At weekends, we post some of our most popular blogs. Tell us your favourites by emailing email@example.com
Calling sign singers nation wide…
They say you should never meet your idols. But I met one of mine last week and I was faaaar from disappointed. See below, myself with Caroline Parker or Caro as she’s affectionately known… Sign singing diva and BSL actress.
I first saw Caro perform when she was touring the one woman show, “Signs of a Diva” and I went to see it at Wolverhampton’s Arena Theatre.
I’ve never seen a show like it.
The intimacy of the production along with the excellent accessibility (sign language AND captions) meant I drove home that night with so many songs in my head, both old and new.
It was the first and probably the only time I have seen a sign singer that not only translates the words but actually embodies the music. She dances, she sways, she accentuates and she pauses… In all the right places.
So it was a dream to meet and work with Caro this week on a separate theatrical piece. Chatting to her about sign singing, it was clear how dedicated she is to the art form and how hard she works to create pieces that aren’t just “lyrics translated” but actual living, breathing songs.
She treated me and our colleagues to a personal rendition of Bette Midlers “The Rose” and her training in story telling, mime, dance and BSL were all evident.
I couldn’t really hear the song playing but I was made aware of its rhythm. The pulse of her movements was addictive, causing us to rock sideways, mesmerised. Her feet tapped to the keys of the piano, her core swayed as the ballad grew in volume.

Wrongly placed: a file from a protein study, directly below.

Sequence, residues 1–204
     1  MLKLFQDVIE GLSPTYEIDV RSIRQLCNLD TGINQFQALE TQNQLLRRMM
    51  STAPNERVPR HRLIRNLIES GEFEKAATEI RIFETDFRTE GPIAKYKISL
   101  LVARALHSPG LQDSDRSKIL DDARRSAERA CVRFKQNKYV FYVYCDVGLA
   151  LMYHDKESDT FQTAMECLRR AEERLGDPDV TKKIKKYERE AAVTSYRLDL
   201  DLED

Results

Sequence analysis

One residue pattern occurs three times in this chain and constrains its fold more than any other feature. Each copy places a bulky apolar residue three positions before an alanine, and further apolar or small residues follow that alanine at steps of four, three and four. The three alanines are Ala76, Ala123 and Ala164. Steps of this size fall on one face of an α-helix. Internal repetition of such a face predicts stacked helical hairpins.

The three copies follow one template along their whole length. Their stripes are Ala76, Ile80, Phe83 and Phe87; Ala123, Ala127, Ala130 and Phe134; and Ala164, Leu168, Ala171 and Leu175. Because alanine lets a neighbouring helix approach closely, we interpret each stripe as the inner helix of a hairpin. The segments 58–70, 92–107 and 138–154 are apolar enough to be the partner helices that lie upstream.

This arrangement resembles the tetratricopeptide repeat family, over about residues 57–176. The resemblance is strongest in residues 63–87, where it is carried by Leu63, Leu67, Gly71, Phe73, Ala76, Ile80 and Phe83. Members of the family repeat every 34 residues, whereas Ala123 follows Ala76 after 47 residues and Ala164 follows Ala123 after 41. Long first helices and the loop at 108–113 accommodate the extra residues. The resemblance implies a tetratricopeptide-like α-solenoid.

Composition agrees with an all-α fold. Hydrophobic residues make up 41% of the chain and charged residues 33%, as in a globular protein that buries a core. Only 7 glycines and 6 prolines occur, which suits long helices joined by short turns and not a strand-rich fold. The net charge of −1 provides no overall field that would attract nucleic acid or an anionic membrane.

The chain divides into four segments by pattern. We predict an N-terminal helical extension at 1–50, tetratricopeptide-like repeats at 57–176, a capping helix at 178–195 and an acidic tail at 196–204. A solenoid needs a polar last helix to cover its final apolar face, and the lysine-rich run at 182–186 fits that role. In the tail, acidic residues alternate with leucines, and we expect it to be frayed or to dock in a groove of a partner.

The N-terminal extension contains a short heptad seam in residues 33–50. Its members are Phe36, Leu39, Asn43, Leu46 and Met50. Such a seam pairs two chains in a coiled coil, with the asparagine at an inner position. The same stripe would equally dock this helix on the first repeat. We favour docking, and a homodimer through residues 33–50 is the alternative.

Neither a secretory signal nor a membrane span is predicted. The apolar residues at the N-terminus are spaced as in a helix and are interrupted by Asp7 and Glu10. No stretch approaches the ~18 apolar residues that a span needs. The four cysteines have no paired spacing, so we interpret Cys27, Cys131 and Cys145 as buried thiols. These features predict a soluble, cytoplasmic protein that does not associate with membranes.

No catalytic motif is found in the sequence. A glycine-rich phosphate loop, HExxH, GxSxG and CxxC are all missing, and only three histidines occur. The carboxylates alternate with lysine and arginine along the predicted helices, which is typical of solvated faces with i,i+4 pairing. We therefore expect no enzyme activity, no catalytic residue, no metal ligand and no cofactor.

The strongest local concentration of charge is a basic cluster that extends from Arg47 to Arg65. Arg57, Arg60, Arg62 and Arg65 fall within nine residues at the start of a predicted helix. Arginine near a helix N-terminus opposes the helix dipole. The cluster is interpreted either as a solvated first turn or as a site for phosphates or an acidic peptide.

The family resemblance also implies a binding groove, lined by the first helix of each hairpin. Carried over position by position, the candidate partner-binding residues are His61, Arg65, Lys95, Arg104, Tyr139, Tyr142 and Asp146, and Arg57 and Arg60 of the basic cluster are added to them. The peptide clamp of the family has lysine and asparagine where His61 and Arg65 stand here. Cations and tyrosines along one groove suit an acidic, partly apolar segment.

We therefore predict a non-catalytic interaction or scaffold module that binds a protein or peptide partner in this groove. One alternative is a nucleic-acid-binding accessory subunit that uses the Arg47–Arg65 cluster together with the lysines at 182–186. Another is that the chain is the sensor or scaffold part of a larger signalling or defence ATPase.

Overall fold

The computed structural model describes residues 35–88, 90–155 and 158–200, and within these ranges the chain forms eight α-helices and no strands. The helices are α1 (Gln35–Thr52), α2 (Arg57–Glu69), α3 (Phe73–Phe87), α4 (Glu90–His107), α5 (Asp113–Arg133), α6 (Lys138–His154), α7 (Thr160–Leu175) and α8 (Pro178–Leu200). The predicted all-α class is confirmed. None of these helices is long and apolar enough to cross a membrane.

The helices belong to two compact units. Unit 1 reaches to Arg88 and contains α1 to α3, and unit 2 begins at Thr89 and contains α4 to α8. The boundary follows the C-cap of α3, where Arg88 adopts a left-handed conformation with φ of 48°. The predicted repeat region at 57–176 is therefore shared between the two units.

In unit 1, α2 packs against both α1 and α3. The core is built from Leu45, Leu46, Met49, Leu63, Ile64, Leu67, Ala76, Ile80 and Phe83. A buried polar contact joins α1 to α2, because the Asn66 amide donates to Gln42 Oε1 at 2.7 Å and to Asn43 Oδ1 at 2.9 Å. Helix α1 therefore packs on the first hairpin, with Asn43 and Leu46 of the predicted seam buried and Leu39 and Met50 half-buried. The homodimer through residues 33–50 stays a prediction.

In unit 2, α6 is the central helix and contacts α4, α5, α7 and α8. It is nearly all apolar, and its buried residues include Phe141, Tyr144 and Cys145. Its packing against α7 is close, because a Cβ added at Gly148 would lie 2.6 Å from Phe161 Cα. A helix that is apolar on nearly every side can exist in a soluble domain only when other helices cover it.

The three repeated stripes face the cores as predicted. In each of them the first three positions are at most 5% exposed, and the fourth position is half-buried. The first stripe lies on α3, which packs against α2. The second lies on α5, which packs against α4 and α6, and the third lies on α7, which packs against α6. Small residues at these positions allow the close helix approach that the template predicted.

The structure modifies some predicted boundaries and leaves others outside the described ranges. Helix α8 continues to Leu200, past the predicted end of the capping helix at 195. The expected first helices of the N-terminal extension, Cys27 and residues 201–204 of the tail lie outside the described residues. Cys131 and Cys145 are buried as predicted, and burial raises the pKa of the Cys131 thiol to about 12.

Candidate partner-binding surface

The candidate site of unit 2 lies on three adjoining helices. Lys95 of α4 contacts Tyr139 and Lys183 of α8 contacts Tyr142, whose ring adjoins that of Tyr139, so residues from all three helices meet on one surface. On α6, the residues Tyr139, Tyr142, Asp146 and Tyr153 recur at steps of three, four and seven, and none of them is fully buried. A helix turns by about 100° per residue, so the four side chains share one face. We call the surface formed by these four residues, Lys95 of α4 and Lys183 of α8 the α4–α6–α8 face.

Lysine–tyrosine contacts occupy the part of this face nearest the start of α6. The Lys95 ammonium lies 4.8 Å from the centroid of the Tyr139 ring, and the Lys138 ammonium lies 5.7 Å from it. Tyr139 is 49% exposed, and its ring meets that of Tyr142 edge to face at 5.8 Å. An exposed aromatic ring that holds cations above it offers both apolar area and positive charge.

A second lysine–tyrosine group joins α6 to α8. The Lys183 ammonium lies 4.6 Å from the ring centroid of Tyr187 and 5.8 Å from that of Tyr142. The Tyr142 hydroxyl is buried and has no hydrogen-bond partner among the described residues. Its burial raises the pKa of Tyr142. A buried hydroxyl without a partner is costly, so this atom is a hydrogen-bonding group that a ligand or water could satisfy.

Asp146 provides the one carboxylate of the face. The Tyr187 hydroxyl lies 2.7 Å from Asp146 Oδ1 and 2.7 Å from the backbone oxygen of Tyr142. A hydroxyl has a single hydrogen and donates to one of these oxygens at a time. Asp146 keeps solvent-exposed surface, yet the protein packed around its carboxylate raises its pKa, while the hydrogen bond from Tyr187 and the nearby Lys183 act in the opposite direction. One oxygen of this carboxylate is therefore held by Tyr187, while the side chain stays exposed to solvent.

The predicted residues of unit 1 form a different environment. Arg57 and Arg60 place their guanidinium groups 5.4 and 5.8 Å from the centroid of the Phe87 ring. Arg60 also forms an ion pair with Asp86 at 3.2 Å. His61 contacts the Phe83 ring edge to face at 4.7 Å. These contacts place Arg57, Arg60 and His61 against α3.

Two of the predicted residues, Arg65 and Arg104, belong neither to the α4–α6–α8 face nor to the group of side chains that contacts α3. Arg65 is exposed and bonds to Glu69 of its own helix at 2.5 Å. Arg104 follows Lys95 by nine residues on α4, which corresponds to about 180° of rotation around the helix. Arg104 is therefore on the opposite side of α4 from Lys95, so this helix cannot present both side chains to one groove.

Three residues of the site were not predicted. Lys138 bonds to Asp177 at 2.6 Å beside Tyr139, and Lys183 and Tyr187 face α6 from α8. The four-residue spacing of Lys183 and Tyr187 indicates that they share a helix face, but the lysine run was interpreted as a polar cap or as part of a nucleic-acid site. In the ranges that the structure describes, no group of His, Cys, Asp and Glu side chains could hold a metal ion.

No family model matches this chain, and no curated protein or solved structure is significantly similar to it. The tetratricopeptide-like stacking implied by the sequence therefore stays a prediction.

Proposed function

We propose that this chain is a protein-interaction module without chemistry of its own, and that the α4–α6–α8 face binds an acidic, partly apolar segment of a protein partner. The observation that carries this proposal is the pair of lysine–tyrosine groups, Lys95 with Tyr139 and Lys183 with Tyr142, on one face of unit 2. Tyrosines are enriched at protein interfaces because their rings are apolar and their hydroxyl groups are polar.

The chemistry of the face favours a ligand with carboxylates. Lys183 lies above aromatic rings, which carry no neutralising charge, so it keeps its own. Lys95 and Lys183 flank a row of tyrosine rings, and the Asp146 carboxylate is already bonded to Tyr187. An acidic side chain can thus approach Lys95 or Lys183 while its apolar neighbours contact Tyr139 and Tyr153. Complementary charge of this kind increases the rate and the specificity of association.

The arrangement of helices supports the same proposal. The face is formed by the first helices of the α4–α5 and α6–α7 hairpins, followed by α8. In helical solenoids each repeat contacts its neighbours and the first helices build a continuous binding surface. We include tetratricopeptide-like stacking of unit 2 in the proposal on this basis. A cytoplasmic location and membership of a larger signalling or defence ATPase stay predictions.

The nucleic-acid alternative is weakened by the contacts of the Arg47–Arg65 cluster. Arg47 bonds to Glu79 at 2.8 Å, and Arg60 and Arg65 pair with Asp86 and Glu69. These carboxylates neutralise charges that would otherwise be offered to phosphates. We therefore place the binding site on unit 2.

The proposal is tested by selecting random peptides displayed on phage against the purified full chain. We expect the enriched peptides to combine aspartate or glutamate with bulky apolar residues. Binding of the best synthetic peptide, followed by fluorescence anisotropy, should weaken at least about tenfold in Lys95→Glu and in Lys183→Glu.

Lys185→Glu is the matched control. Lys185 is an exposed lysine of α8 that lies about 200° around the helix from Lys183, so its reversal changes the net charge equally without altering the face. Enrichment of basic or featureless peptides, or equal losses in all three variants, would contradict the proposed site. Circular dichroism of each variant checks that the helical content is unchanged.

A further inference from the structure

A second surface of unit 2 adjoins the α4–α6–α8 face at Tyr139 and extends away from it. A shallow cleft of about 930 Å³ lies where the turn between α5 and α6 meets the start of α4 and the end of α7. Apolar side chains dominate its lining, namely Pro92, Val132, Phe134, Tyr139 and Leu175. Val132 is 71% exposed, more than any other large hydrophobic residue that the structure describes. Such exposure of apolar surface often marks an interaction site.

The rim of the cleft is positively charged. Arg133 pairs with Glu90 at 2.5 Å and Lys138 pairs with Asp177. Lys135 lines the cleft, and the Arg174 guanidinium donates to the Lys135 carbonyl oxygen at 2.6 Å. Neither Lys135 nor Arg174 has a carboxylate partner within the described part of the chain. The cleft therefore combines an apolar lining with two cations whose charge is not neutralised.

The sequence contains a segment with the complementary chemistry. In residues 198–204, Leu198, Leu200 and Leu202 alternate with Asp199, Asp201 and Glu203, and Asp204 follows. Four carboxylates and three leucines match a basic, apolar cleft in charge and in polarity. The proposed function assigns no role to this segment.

I explained to Caro how without these visual cues I wouldn’t have understood the music and she agreed that having some kind of musical understanding when you’re sign singing is imperative. Without that, it’s not a song.
“If you’re going to perform a sign song, you must incorporate the music. A sign song without the music is BSL poetry.”
And I couldn’t agree more. Yet this is where the real skill comes in that distinguishes it from BSL poetry, because in order to fuse BSL with music – a task almost like tapping your head while rubbing your stomach – you have to be aware of BOTH stories the song is telling; lyrically and musically.
It’s not easy, I must say. And whether you’re deaf or hearing there will always be elements of a song to work on and explore. Sure, hearing people have the advantage of absorbing musical structures quicker but where there’s a will there’s a way- believe me 😉
It comes as no surprise then to learn that it took Caro four years to develop and polish her own sign song version of Queen’s Bohemian Rhapsody…! With such an abstract plot and varying musical styles throughout, I can’t say I’m surprised…
Caro went on to say that as an artist, you don’t expect other people to simply copy your sign songs, rather – they should develop their own expression of the song. Nobody can or should try and sign in the exact same way as somebody else; songs can mean so many different things to different people.
And I’m particularly keen to see more sign singers in the coming months. Are YOU a sign singer? Or would you love to perform in a sign singing group?